• Unique Sensory and Cognitive Strengths: Everyone has their preferred order for taking in sensory information; there are six combinations of Visual, Kinesthetic and Auditory sequences. Besides, people have cognitive preferences for processing sensory information, receiving communications and for specific types of work activities; there are three major categories: Sequential, Global and Integrated.
  • Alignment Is Your Key to Success:  No one combination of sensory and cognitive preferences is better than another. The key to success is aligning your brain strengths with activities and tasks you are passionate about and require your strengths. Communication challenges are often due to misalignment with how people prefer to receive and process information. You can “flex” and align with people who are different from you to gain rapport, respect, trust and understanding.
  • Integrate Fun Into Everything You Do: Your brain is naturally curious and loves to learn. A fun and safe environment naturally engages your brain. Create fun and safe environments for others; teach others what you want to learn. These are some characteristics of a neuro-leader.

In conclusion, practical neuroscience is the pathway to greater self-awareness of your potential for personal mastery. Online, validated assessments accurately determine your sensory and cognitive strengths and offer tools to help improve your learning, thinking, problem solving, decision making, communication success, career fulfillment, and help you experience more fun in life.

Author Message:
You may not be aware that our organization is a trusted and respected source of reliable practical neuroscience solutions for personal and organizational development.  We have been creating and delivering brain-based human development solutions, since 1992. The message that follows directs you to a quick, easy, and low cost solution you may be searching for.

Personal mastery can be reduced to “be the best you can be.” The power of neuroplasticity beckons your command.   A fun way to continue your journey of self development is discovering how your brain is wired for success. Your personalized Brain PathWays report gives you practical neuroscience tools, based on your brain strengths to “be the best you can be.” The on-line process takes less than 15 minutes, the results last a life time. Click to purchase your Brain PathWays online self-assessment and download your report today.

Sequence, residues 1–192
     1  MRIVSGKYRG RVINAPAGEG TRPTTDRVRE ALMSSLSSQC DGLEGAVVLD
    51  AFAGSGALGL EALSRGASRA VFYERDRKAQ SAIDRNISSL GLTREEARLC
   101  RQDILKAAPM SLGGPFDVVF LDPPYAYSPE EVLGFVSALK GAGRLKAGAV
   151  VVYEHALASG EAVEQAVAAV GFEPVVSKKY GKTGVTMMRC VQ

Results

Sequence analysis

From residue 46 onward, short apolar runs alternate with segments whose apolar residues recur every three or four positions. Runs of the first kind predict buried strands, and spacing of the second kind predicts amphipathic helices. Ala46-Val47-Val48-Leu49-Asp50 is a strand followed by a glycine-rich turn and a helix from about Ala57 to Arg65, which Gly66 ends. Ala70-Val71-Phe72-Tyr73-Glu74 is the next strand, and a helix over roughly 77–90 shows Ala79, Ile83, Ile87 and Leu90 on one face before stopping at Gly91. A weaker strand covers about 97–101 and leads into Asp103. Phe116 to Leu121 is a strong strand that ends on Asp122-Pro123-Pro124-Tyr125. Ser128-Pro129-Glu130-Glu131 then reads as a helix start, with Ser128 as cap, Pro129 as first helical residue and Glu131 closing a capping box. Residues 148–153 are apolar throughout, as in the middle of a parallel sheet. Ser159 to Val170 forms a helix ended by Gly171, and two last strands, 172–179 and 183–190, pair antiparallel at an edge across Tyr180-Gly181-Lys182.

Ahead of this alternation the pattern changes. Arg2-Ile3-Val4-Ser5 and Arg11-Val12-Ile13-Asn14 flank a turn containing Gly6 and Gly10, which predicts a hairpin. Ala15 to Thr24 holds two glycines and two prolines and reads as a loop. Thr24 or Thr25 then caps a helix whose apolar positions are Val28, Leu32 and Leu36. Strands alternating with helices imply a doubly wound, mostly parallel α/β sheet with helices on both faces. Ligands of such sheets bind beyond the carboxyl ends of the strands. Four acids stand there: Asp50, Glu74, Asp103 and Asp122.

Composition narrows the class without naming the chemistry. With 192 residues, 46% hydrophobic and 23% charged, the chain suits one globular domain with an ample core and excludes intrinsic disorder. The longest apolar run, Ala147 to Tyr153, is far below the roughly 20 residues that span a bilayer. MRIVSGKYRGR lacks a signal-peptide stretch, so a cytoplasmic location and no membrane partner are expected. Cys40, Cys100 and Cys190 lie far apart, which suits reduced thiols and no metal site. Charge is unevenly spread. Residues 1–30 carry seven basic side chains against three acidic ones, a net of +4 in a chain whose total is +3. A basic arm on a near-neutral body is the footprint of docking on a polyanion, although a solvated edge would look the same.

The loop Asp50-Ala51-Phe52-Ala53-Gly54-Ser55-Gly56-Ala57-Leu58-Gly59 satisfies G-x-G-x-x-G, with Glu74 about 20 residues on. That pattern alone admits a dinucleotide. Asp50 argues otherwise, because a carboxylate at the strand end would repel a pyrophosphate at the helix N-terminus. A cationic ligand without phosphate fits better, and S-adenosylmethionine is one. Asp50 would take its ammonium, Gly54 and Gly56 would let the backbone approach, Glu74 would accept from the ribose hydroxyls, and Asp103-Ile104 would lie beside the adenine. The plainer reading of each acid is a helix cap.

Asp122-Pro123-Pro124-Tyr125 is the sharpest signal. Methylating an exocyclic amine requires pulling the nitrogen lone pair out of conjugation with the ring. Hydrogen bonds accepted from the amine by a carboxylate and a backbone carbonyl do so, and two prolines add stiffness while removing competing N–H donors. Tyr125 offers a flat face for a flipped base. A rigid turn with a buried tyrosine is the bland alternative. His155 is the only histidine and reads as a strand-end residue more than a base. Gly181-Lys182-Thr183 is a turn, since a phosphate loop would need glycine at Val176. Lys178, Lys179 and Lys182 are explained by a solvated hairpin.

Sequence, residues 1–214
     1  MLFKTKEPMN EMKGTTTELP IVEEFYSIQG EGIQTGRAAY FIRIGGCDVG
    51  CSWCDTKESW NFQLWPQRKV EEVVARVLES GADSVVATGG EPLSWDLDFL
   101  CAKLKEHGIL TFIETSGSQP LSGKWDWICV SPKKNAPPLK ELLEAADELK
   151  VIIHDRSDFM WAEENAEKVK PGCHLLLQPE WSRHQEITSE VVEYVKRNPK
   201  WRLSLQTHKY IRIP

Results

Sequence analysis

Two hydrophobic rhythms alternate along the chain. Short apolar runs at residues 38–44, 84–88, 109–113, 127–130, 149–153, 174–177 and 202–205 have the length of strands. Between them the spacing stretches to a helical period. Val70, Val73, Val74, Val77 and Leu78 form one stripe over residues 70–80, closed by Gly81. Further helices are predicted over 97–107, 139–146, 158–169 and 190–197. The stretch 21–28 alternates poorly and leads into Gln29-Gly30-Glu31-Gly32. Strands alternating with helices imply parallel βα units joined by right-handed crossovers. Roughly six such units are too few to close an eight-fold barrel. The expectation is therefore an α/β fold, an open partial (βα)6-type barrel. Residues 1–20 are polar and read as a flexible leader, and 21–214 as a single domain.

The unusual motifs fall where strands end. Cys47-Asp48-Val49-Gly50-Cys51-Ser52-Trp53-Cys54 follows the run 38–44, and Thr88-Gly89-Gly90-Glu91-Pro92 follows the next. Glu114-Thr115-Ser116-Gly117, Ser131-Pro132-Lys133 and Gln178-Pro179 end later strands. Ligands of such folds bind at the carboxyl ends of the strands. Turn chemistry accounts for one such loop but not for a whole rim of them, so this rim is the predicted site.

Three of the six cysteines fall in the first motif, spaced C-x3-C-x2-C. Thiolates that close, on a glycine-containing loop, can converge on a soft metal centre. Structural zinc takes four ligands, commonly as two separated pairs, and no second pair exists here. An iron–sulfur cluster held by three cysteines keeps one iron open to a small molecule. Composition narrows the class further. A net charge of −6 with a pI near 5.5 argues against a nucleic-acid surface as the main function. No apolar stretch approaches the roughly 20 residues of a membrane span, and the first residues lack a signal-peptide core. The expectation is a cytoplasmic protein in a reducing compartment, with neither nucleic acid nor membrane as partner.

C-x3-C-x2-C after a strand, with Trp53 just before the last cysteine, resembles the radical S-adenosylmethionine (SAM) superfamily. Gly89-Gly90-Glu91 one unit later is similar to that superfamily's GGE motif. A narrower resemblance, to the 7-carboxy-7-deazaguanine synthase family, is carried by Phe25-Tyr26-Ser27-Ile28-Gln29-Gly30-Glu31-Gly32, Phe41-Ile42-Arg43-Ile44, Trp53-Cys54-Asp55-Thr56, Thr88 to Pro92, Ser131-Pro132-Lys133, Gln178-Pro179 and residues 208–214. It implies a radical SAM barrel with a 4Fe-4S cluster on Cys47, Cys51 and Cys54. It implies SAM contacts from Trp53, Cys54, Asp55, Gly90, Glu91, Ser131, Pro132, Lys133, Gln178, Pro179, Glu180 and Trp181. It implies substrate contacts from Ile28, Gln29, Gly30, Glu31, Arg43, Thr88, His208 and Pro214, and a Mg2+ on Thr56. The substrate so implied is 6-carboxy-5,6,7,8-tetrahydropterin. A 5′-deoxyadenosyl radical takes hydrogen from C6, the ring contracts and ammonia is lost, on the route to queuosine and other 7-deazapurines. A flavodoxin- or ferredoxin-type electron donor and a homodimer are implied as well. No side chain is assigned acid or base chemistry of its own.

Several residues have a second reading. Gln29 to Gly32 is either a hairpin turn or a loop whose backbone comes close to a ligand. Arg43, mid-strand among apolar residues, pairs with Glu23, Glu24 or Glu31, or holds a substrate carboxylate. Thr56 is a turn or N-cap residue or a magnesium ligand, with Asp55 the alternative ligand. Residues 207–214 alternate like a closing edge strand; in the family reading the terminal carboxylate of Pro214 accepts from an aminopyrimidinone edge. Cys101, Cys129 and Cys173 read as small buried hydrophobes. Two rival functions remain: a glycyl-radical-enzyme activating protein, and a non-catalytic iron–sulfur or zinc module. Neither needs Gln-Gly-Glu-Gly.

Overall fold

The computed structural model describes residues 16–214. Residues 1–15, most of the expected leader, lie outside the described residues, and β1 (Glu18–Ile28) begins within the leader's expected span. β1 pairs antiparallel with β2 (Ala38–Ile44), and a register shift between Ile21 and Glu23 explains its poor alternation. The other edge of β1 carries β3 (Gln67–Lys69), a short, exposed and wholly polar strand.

5 comments on “How to Be the Best You Can Be

  1. Pingback: Practical Neuroscience Tools For Systems Thinking | Brain PathWays Blog

  2. Pingback: Three Reasons Why People Talk More and Listen Less | Brain PathWays Blog

  3. Pingback: Accelerate Team Learning With Practical Neuroscience | Brain PathWays Blog

  4. Pingback: Peace On Earth and Good Will Are Very Good Things | Brain PathWays Blog

  5. Pingback: Fail-Safe Ways to Make and Keep Promises and Resolutions | Brain PathWays Blog

Leave a Reply

Fill in your details below or click an icon to log in: Logo

You are commenting using your account. Log Out /  Change )

Facebook photo

You are commenting using your Facebook account. Log Out /  Change )

Connecting to %s

Follow me on Twitter

Enter your email address to subscribe to this blog and receive notifications of new posts by email.

Join 990 other subscribers

More from Brain PathWays

Visit us at to discover your unique personal brain strengths and how you can use them to navigate life.

While you're there, sign up to receive Free Daily Messages From Your Brain for fun, fact-filled insights into how your brain works!

%d bloggers like this: